Archives for posts with tag: will clarke

I will be away this Saturday and will leave the sessions in the box so whoever is first on the poolside please put them out in the lanes.  I know many of you will be away anyway doing the Great East Swim so for those of you doing the session I don’t want you to miss out of the fun of some faster swimming.  Therefore, the main set will be the Will Clarke set of fast and steady-paced 50s.

Remember, the secret to getting the most from this set is to focus on making all the fast 50s at a good pace, even when the turnarounds are short at the start of the set.  You can best achieve this by relaxing on the steady swims – focusing on good technique and easy speed with high stroke rate – and saving yourselves for good efforts on the fast 50s.

See you next week!



Photo courtesy of Will Clarke


Well done for your efforts last week on the faster paced 100s.  It was good to see you putting in some great efforts consistently over the whole set and many of you hitting consistently fast times.


I will be swimming and coaching the session as usual this week (4th August) and then away for the next 3 weeks returning on 31st August.  Chrissie and Simon are also away then so you will be doing the sessions yourselves.  I will leave them in the club box tomorrow for you to get out for each of the sessions over the next few weeks so please help set up the pool and get the sessions out if you are there first for the 7am session.  The plan for August is as follows:

  • This week we will be building on the fast 100s last week with some even faster 50s this week with the return of the USRPT (Ultra Short Race Pace Training) set with every swim at your 200m race pace.
  • Next week is more 50s with the Will Clarke Set of faster and steadier paced 50s off different turnaround times.  The aim of this is to keep the top-end swim speed you have been building over the previous two weeks and combine it with some more speed endurance.
  • The week after that sees the return of the ratchet set which is all about speed endurance.  With the faster paced swimming we have been doing leading up to that you should be able to really feel comfortable at the start of the set with some easy speed to help you make the increasingly tight turnaround times and stay relaxed.
  • The final week before I am back will be the main set of positive-split 200s.  It is a very long main set and including plenty of 200s where you will be practising starting fast before dropping back into a sustainable race-pace cruise.

Enjoy your August and your holidays if you are going away.  Have fun and enjoy the swimming wherever you can!


Photo by David Marcu on Unsplash

This week week we will be doing some focus on breathing drills and the Will Clarke set of fast and steady 50s to provide some more speed work.  Key things to think about:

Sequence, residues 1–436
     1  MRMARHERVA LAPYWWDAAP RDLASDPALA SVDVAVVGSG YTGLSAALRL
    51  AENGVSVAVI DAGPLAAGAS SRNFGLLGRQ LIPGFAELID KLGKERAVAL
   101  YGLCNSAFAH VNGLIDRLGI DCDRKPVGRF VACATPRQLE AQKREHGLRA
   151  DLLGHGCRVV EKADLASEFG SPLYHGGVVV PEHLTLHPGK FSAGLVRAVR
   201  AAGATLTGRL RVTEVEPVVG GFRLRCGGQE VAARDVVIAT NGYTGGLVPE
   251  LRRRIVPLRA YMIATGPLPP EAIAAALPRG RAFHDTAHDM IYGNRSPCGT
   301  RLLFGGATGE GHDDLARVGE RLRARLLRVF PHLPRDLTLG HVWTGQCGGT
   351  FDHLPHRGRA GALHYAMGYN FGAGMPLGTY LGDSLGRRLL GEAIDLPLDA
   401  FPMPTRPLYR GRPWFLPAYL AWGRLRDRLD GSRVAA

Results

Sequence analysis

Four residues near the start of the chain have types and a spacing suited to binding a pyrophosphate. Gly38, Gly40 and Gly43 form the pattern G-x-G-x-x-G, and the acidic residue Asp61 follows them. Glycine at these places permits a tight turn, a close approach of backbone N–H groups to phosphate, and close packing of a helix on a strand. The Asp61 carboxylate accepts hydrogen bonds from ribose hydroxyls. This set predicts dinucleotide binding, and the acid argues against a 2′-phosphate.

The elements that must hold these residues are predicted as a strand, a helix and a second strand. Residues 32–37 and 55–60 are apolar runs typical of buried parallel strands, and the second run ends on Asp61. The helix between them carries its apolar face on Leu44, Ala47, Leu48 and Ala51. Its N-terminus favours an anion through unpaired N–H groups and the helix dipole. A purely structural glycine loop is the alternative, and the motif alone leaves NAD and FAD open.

• Please watch the video I posted last week from Chloe Sutton about how to breath well in front crawl.  You will have chance in the technique set this week just to focus on quick breathing and keeping one goggle in the water as she demonstrates really well in her video.  A quick breath will also help you maintain a good tempo with a quick stroke rate.
  • Please try and make sure you get a good pace variation in the 50s, even when the turnaround is tight, to get the most from the Will Clarke set of 50s.  Re-read my previous post on this for some ideas to help

See you all Saturday!


This week we will be doing a variant of the Will Clarke 50s main set to give us chance to do some more fast-paced swimming before we do the January time trial next week.  All the 50s in the main set will be off the same turnaround time rather than a gradually increasing turnaround time that we have done before, which will make it too easy if you don’t make all the fast 50s really fast.  In fact, I would like you to aim to swim all the fast 50s at your 200m race pace.  Your 200m race pace should be around 3-4 secs faster than your 400m race pace so as a rough guide:

  • Lane 1 swimmers who swim 5:30 for 400m should be doing the fast 50s around 36-37 secs per 50.
  • Lane 2 swimmers who swim 6:20 for 400m should be doing the fast 50s around 43-44 secs per 50.
  • Lane 3 swimmers who swim 7:00 for 400m should be doing the fast 50s around 48-49 secs per 50.
  • Lane 4 swimmers who swim 7:50 for 400m should be doing the fast 50s around 55-56 secs per 50.

See you Saturday,


As the triathlon season is drawing to a close for most people, this Saturday will be the last race season session before we start on Autumn and Winter training.  And to celebrate Will Clarke’s fantastic win in Lanzarote last week I thought we’d do one of his favourite sets of alternating hard and easy 50s, which we have done earlier in the year.  Will won in Lanzarote by only two seconds in a thrilling finish (good race report here) and hopefully this set will help some of us try and emulate Will’s performance in our next race!

Also, a big well done must also go to Lucy for a fantastic second place in Lanzarote while doing most of the bike leg with her brake on –  just to make it that bit harder.  We’ll save a Lucy-inspired swimming session – like the 1km Fly we did as last year’s Christmas Swim – for later in the year…

See you Saturday,